Officers told the City Council recently it could make a difference by working with schools and parents to prevent youths from becoming gang members in the first place.

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YAKIMA — Yakima police told City Council members Friday there was little they could do in the short term to help officers curb recent gang violence and solve a spate of related homicides.

Police officers invited to the meeting — hastily called earlier in the week to address public-safety issues — thanked the council for eliminating caps on overtime spending and said solving the homicides was a matter of time.

But where the council could make a difference was in looking toward the future and working with schools and parents to prevent youths from becoming gang members. Stopping gangs through intervention efforts wasn’t best addressed by law enforcement, said Yakima police Capt. Jay Seely.

“The Police Department is kind of a fail-safe. If everything else in the community hasn’t interceded in that child’s life, it’s up to us to pick up the pieces,” Seely said during the 1½-hour meeting mostly attended by city officials. “We’re probably not the best place, as an agency, to deal with gang intervention.”

Police Chief Dominic Rizzi Jr. was at a Federal Bureau of Investigation training and was unable to attend.

Councilwoman Carmen Mendez said she would like to see the city work with local school districts to learn what can be done in the future to catch children at vulnerable ages — fourth, fifth and sixth grades — all the way to graduation and keep them out of gangs.

Seely and Capt. Jeff Schneider also responded to council members’ questions about resident comments posted to Facebook and left on Yakima Herald-Republic online stories about the homicides and violence.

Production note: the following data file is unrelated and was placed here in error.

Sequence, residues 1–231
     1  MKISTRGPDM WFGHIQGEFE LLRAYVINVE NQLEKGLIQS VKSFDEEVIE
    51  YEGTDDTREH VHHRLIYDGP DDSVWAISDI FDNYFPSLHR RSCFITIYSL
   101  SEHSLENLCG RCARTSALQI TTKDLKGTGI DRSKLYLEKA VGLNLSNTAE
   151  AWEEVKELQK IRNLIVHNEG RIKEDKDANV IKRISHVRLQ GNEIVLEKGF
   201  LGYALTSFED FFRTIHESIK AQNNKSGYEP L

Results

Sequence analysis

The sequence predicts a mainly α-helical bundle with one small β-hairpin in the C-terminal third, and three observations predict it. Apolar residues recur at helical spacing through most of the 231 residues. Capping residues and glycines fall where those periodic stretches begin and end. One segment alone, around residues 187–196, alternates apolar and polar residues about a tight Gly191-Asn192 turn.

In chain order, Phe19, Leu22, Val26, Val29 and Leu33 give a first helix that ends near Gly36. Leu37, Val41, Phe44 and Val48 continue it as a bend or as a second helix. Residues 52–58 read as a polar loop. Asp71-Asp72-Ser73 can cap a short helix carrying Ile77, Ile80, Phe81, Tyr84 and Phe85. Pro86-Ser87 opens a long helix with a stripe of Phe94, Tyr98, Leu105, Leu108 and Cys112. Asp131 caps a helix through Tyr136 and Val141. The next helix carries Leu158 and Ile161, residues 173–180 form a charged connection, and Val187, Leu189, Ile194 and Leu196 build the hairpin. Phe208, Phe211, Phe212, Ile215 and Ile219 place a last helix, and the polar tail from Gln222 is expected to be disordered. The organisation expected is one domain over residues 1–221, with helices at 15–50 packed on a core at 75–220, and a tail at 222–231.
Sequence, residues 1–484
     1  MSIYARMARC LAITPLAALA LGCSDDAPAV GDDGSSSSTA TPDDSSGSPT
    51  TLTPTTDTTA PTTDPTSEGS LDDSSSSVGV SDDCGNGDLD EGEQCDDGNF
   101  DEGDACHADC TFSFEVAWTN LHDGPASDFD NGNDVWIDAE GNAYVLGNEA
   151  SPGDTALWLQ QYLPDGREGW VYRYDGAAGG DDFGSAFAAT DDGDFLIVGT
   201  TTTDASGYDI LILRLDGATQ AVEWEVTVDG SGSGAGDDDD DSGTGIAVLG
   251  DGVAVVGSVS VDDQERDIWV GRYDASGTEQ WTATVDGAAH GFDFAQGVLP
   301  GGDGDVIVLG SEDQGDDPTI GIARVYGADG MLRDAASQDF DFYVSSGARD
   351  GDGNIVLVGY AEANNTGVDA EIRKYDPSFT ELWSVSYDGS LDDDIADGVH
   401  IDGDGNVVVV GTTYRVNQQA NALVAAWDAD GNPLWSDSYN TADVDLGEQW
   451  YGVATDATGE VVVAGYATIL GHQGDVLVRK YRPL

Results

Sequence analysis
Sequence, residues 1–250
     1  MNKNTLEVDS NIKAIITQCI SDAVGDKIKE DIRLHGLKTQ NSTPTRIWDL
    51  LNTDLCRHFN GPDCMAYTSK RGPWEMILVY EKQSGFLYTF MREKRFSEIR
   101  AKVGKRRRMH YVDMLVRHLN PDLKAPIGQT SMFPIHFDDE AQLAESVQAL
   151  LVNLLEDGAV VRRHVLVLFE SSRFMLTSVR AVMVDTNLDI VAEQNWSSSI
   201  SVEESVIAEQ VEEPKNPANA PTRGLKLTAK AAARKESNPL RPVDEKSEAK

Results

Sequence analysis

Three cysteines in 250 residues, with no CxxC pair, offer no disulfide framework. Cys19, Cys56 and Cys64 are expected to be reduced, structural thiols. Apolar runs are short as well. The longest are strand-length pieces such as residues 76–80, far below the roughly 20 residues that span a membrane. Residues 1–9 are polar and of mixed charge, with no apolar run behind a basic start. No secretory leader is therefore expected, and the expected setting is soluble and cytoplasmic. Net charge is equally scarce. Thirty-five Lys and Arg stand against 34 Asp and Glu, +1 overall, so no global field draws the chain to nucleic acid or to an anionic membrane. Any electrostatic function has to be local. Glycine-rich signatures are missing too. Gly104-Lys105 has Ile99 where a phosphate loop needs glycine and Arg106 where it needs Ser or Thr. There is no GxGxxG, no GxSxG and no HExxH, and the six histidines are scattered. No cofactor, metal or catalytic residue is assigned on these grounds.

In citing one of the comments, Mayor Kathy Coffey asked why the National Guard wasn’t being used to help officers, as it was decades ago when there was a surge of violence by drug dealers and gangs.

Seely and Schneider said the National Guard likely wouldn’t be able to help with extra patrols or investigating homicides. According to state law, the military — which includes the National Guard — can’t do police work. When the National Guard was called back in the 1980s, members mostly sat in the office and helped with paperwork, Schneider said.

Similarly, the Washington State Patrol hasn’t been called because the agency acts more like a highway patrol and troopers simply aren’t trained in how to handle the calls, such as domestic violence, that take up most police officers’ time.

More helpful, the officers said, would be information from the public — no matter how small or inconsequential a tip might be. Anonymous tips are good, but information from residents willing give their names is better because it offers more credible evidence to support an arrest.

“None of these homicides are where there aren’t people in the community who know what happened,” Seely said.

Coffey also told council members there would be little or no state or federal assistance to offset costs for increased police patrols and other expenses associated with recent violence.